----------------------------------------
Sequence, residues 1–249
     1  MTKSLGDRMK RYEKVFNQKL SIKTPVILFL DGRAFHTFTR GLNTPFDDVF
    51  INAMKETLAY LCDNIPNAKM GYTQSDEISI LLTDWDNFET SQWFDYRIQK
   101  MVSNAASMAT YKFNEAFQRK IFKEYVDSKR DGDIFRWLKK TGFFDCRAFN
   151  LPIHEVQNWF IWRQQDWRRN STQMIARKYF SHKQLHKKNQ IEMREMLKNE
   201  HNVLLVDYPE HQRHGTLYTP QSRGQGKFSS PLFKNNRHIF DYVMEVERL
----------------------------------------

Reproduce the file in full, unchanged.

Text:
Sequence, residues 1–249
     1  MTKSLGDRMK RYEKVFNQKL SIKTPVILFL DGRAFHTFTR GLNTPFDDVF
    51  INAMKETLAY LCDNIPNAKM GYTQSDEISI LLTDWDNFET SQWFDYRIQK
   101  MVSNAASMAT YKFNEAFQRK IFKEYVDSKR DGDIFRWLKK TGFFDCRAFN
   151  LPIHEVQNWF IWRQQDWRRN STQMIARKYF SHKQLHKKNQ IEMREMLKNE
   201  HNVLLVDYPE HQRHGTLYTP QSRGQGKFSS PLFKNNRHIF DYVMEVERL